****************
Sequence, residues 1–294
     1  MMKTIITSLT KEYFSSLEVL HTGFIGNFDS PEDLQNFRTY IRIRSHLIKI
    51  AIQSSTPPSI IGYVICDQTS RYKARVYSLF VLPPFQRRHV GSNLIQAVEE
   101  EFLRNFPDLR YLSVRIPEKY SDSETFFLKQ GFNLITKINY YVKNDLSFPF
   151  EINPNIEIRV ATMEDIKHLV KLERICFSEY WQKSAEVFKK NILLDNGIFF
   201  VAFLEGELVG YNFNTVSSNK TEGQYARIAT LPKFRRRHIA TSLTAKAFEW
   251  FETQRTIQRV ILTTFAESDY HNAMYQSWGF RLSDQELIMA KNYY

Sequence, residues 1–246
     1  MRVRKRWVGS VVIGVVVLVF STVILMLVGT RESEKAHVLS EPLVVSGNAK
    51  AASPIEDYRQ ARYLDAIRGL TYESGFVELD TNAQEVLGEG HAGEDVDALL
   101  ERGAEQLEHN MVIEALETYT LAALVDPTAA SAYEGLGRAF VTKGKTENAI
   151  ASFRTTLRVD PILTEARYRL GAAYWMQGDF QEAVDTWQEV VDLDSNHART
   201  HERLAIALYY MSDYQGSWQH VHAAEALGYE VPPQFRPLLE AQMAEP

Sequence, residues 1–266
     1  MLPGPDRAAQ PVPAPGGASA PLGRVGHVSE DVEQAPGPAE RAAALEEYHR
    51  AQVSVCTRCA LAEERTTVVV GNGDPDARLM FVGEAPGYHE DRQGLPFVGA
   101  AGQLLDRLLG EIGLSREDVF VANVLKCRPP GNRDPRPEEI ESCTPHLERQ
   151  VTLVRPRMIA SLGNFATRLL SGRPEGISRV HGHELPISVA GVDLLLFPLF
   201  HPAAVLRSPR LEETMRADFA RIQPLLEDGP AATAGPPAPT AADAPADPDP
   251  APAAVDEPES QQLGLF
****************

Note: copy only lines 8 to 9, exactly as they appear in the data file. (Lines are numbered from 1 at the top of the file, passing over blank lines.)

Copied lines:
Sequence, residues 1–246
     1  MRVRKRWVGS VVIGVVVLVF STVILMLVGT RESEKAHVLS EPLVVSGNAK